BSI, the business standards company, has launched a new specification for looking after racing greyhounds housed in residential trainers’ kennels. The specification is comprehensive in its scope, covering requirements for constructing the kennels, bedding, diet, and the appropriate veterinary healthcare of greyhounds, among other requirements.
Development of the specification, PAS 251:2017 Specification for greyhound trainers’ residential kennels, was first recommended by the Department for Environment, Food and Rural Affairs (Defra) following a government review of secondary legislation specific to greyhound racing.
PAS 251 provides a consensus-based specification for residential racing greyhound kennels based upon best practice and the collaborative experience of animal welfare organizations, veterinarians, government and industry specialists. The goal of this specification is to provide a kennel standard that supports good welfare practice.
The specification covers requirements related to the physical construction of the kennel, including the unit sizing, lighting and ventilation, kennel interiors, drainage, and electrical appliances. Day-to-day concerns for greyhound handlers’ – such as vaccinations, waste removal, cleaning and disinfectant, and food preparation and storage – are outlined in the PAS.
The environmental enrichment of the kennelled greyhounds – including requirements for exercise, monitoring behaviour, health and welfare, handling and training – is also covered in the specification. Greyhounds, like all animals, can be unpredictable even when expertly trained. Accordingly, PAS 251 covers emergency precautions, kennel security, and isolation facilities.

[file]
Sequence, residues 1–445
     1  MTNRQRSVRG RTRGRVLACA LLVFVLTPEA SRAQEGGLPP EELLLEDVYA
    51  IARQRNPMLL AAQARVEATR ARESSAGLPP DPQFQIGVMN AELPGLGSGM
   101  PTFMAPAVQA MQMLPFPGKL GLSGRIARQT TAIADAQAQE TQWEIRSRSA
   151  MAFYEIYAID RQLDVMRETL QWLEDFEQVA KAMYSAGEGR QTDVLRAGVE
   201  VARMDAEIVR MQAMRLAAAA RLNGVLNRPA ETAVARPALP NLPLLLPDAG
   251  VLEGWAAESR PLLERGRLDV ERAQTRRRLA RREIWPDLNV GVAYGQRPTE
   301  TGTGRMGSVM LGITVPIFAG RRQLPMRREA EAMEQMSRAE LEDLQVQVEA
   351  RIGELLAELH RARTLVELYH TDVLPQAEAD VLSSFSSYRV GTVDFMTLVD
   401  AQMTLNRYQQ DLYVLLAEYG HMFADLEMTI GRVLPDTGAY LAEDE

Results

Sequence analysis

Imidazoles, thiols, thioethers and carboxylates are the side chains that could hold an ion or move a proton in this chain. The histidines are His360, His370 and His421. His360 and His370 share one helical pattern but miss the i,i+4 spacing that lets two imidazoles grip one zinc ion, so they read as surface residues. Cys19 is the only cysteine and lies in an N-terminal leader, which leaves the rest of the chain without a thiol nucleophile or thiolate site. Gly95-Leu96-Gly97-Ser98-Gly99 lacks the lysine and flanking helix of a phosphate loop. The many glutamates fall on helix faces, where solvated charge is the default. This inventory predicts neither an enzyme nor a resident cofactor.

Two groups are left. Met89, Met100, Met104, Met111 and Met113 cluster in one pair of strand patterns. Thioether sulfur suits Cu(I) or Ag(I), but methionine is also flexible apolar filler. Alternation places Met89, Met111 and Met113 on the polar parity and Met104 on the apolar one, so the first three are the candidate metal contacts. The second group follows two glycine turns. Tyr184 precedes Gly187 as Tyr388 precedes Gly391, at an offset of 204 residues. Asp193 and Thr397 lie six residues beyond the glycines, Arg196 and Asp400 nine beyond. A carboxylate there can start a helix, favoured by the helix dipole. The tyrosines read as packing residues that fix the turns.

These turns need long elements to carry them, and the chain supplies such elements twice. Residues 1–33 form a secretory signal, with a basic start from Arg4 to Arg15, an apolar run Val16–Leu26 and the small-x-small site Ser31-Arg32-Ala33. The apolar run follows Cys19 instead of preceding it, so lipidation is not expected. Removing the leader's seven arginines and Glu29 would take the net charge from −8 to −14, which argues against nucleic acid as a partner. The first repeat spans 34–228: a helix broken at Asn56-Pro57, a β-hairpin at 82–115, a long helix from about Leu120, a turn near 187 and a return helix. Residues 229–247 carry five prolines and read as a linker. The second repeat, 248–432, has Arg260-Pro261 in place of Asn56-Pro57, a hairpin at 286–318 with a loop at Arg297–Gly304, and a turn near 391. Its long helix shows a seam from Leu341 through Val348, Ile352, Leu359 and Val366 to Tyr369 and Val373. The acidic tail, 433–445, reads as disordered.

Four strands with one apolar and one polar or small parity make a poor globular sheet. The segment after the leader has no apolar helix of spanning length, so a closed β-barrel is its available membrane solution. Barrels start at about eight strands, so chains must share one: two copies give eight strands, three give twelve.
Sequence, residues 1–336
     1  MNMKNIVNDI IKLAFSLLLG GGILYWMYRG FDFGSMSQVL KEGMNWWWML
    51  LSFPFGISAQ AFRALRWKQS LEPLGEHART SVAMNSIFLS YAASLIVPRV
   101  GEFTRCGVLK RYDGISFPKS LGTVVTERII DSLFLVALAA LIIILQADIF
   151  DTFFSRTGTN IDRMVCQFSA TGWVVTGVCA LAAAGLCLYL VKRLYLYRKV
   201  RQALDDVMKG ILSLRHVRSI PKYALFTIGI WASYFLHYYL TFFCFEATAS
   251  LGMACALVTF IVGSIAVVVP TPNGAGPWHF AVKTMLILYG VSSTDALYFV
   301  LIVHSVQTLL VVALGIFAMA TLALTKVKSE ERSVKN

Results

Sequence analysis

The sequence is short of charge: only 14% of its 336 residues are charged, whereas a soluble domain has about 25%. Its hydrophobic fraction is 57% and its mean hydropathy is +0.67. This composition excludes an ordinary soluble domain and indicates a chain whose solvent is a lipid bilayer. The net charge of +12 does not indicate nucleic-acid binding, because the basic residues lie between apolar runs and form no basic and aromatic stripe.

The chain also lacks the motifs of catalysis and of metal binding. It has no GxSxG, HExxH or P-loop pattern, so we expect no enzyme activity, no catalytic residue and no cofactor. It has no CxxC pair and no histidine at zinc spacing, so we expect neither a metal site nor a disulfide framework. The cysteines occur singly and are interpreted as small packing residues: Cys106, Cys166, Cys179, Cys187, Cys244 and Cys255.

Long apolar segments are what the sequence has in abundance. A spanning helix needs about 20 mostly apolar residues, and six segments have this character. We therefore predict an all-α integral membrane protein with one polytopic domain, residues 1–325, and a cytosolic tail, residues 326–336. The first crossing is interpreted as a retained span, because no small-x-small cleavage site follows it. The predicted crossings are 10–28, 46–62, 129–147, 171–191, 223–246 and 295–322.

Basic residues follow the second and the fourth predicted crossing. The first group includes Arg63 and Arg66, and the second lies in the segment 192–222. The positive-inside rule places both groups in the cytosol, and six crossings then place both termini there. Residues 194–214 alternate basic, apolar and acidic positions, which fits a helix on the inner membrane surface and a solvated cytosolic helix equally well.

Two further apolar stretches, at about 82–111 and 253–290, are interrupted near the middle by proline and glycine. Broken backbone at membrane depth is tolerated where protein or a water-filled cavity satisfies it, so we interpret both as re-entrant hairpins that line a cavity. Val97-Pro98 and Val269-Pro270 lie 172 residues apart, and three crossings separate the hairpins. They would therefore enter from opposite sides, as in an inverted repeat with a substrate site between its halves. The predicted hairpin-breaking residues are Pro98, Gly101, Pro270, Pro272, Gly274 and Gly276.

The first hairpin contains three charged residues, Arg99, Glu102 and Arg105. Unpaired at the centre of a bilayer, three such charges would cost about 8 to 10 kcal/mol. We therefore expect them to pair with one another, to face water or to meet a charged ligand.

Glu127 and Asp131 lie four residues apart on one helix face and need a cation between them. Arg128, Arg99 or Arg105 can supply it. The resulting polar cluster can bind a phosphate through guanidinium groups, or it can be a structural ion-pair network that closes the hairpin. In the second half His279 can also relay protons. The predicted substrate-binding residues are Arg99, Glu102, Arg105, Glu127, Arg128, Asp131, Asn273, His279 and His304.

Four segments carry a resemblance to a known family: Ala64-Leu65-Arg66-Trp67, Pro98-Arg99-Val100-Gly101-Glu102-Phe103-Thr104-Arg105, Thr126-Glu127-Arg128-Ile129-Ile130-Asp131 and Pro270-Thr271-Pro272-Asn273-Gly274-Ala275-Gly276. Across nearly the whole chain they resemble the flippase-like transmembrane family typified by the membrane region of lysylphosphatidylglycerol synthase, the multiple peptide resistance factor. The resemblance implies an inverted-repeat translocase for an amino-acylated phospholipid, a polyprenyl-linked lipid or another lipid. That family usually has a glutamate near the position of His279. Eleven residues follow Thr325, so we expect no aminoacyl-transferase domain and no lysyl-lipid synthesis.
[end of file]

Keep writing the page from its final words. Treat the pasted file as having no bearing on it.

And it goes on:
Sponsored by the Greyhound Board of Great Britain, PAS 251 is applicable to all types of greyhound racing, whether licensed by the local authority or a regulatory body responsible for issuing licenses and accredited by the United Kingdom Accreditation Service (UKAS). The implementation of the specification is voluntary; it does not replace the obligations set out in existing animal welfare legislation.
Whilst intended for kennels which house more than two racing greyhounds, PAS 251 may also be used as guidance for kennels which house two or fewer greyhounds. The specification covers where a greyhound permanently resides, rather than kennels at racecourses designed as temporary kennelling prior to a greyhound taking part in a race.
Anne Hayes, Head of Market Development for Governance and Resilience at BSI, said: “Britain is a nation of dog lovers, and the greyhound is one of our best known breeds. In creating PAS 251, BSI brought together renowned animal charities and industry experts to create best practice care for these animals in residential kennels.
“This new specification is intended to be both realistic and achievable for trainers of greyhounds, whilst also being measurable and auditable if used as a basis of a certification or inspection scheme.”
PAS 251 is not intended for other breeds of dogs, nor is it intended to apply to kennels that only accommodate greyhounds which are retired from racing, such as a greyhound re-homing organization. Commercial greyhound breeding establishments also fall outside the scope of this specification.
The following organizations were involved in the development of PAS 251 as members of the steering group: Battersea Dogs & Cats Home; Defra; Dogs Trust; Greyhound Board of Great Britain; Greyhound Forum; Greyhound Trainers Association; Greyhound Trust; Racecourse Promoters Association; RSPCA; Society of Greyhound Veterinarians; The Kennel Club; UKAS.
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